Each year, the United States Supreme Court's docket includes a range of "high profile" cases that attract attention not merely from law professors and others with an acquired fascination with the Court, but also from a general audience of law students, lawyers, scholars and commentators on American politics and society, as well as, occasionally, the public at large. During the 2011 Term, one of those cases was "the GPS case," formally known as United States v. Jones.' Media coverage of the case spread far beyond the legal blogosphere to a wide variety of mainstream and popular sources, both in print and online. Many people who had no familiarity with the legal doctrinal intricacies of Fourth Amendment law nevertheless waited with bated breath to hear what the Court would say about what limitations, if any, the Constitution might place on the authority of the police to use GPS technology for tracking criminal suspects-or, more broadly, the authority of the Government in general to maintain surveillance of the public movements of people in everyday life. When the decision was announced in January 2012, nearly everyone from the layperson reading a news update online to the law professor ready to thoroughly dissect the ramifications of the opinion with a criminal procedure class-was left underwhelmed by the Court's resolution of the case, at least compared to the anticipation beforehand. In two respects, at least, the Court was unanimous and clear: the Defendant's argument prevailed and the Fourth Amendment applied to what the police had done on the facts of the case. Other than that, however, the Court did not provide very much guidance about the Fourth Amendment implications of GPS surveillance or similar tracking technologies in the future. The lack of clarity was particularly acute because the reasoning underlying the Court's holding revealed a 5-4 split among the Justices - a division that differed from the stereotypical perception of the Justices' ideological divides as well as a concurring opinion that seemingly agreed with both of the other two camps while simultaneously staking out a position broader than either. At first glance the three opinions revealed a Court seemingly intent on avoiding the complex and difficult issues of Fourth Amendment rights in a digital, Internet-interconnected age and putting off these tough judgment calls for another case on another day. As is often true of the Court's decisions, though, the reality is more nuanced than initial appearances might suggest. While the opinions in Jones undeniably left open several significant questions for resolution in future cases, they actually provided answers to a number of subsidiary questions. Consequently, it is worth taking the time to carefully consider not only the issues the Jones decision leaves open, but also the questions it answers.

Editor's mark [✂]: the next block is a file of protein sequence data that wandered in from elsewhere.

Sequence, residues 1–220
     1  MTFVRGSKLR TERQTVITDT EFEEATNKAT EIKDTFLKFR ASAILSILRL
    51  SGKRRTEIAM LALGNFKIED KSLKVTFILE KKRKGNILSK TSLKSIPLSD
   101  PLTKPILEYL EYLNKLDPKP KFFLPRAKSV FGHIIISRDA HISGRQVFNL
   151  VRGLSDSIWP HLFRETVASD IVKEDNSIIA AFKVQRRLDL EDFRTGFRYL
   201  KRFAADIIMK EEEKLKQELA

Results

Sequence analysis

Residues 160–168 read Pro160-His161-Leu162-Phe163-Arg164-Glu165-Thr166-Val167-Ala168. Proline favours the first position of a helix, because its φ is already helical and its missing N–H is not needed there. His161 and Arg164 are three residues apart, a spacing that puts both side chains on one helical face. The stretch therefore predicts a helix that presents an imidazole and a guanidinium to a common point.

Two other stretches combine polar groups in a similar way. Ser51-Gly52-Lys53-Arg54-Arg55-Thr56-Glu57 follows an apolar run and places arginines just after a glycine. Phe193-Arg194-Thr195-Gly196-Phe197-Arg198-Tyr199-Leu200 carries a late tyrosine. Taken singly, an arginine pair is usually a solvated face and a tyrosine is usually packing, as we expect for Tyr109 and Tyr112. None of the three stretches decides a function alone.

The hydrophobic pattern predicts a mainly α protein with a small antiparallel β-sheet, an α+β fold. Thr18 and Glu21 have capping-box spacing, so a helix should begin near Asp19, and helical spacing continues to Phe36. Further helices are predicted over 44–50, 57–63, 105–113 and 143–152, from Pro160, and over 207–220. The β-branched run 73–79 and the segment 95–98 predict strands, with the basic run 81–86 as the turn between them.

Benjamin J. Priester, Five Answers and Three Questions after United States v. Jones (2012), the Fourth Amendment GPS Case, 65 OKLA. L. REV. 491 (2013).